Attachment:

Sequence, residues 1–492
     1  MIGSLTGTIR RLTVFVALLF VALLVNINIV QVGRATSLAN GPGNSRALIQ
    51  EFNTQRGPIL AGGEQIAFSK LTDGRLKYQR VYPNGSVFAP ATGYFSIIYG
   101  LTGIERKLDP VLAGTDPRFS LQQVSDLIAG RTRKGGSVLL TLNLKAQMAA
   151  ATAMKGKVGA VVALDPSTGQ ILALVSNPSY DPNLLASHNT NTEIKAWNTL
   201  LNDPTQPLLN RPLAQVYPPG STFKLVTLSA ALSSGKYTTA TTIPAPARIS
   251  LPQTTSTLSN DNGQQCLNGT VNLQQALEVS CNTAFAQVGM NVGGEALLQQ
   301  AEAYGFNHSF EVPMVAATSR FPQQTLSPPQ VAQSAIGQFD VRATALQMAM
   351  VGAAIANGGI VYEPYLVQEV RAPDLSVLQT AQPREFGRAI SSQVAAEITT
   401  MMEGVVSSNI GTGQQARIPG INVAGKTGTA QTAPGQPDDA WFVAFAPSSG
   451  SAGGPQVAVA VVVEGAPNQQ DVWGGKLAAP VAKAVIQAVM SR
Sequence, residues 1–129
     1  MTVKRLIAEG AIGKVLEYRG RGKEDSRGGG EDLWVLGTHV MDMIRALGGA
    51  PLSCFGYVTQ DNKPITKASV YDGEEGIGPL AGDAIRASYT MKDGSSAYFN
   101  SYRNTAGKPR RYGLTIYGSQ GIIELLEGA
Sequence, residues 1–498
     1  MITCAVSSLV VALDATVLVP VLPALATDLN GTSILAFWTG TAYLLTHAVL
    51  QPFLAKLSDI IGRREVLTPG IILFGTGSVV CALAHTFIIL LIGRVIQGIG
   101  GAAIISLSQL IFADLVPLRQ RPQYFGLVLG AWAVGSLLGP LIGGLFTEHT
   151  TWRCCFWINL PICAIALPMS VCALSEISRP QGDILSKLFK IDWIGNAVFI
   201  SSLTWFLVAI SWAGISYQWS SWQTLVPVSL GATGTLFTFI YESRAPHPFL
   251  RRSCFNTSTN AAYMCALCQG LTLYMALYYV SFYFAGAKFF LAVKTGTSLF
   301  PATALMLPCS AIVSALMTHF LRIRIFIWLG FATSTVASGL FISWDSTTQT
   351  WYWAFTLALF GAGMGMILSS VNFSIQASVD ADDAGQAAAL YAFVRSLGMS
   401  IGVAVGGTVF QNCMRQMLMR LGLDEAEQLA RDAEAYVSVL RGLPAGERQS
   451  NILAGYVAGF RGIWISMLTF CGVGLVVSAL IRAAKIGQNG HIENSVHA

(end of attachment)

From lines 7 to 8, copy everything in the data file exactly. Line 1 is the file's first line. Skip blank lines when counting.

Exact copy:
   251  LPQTTSTLSN DNGQQCLNGT VNLQQALEVS CNTAFAQVGM NVGGEALLQQ
   301  AEAYGFNHSF EVPMVAATSR FPQQTLSPPQ VAQSAIGQFD VRATALQMAM